Tiny catastrophes|mild apocalypse. An environmental archaeological investigation of the shallow Anthropocene
Felix Riede (Aarhus University)
Christina Vestergaard-Sørensen (Aarhus Universitet)
Nathalia Brichet (University of Aarhus)
Paper short abstract:
Debates about the validity and onset of the Anthropocene are as much political as they are scientific and this paper situates archaeology – through fieldwork in a peculiar former mining landscape in Denmark – in this discourse.
Paper long abstract:
The Anthropocene has been proposed as a new geological epoch, in which humans have become the dominating force shaping global geological and ecological dynamics. At present, a lively debate runs as to the very validity and onset of the proposed Age of Humans. One of the most persuasive starting point proposals is the 'Great Acceleration' of the gargantuan capitalism-driven rise in fossil fuel extraction and chemical signature of human activity that began around 1950. Curiously, from an archaeological dating perspective, 1950 marks the year 0, the present; what follows after the future. Against a backdrop of recent fieldwork in a former lignite mine, this paper situates archaeology in the Anthropocene debate and discourse, both as a scientific discipline and an ethical and political engagement. We propose a kind of Contemporary Environmental Archaeology that focuses on human agency - tiny catastrophes - that in sum amount to the kind of mild apocalypse that typifies at least the peculiar Danish version of the Anthropocene.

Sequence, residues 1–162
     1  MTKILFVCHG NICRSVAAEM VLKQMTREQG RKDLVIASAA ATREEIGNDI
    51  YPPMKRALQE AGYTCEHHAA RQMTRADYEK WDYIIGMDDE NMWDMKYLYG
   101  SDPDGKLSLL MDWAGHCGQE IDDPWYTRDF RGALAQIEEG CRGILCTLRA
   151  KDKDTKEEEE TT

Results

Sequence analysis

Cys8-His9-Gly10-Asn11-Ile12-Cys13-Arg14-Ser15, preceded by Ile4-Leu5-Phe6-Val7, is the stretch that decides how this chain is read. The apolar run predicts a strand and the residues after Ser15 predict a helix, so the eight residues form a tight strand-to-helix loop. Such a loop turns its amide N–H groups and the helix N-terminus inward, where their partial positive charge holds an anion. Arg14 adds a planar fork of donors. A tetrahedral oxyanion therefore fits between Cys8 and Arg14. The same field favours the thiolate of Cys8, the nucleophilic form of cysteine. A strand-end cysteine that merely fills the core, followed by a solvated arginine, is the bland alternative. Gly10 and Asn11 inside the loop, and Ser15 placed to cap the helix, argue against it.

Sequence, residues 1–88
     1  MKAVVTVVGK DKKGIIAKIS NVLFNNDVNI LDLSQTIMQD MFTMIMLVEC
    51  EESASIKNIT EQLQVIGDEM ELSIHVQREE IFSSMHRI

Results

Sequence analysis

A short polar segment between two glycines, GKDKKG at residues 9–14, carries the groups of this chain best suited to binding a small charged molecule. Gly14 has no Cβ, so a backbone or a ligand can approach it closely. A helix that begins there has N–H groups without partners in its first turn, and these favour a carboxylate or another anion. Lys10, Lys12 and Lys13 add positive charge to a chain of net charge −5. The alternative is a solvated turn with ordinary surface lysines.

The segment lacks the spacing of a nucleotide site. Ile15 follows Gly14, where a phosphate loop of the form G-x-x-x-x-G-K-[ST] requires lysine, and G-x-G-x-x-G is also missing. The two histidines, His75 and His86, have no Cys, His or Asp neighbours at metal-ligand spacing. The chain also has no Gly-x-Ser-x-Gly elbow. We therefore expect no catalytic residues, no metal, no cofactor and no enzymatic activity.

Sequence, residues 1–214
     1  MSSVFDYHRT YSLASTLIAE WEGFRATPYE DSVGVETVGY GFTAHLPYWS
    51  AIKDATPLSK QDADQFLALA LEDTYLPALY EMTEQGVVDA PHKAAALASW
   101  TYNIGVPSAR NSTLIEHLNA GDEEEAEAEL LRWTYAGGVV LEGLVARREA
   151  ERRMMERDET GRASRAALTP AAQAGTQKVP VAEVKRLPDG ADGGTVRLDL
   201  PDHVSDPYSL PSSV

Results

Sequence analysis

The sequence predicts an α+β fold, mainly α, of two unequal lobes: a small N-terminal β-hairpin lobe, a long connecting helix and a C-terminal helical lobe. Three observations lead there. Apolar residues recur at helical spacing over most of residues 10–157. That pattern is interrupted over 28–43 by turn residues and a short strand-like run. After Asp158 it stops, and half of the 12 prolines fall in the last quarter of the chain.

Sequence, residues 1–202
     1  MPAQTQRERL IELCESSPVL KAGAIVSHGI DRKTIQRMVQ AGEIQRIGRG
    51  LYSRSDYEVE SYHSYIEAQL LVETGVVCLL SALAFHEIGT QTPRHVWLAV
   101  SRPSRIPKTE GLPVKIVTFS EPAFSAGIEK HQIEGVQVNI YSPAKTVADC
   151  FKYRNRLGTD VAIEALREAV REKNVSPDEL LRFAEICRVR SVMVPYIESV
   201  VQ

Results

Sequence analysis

Past weather, past climate - archaeology as Environmental Humanity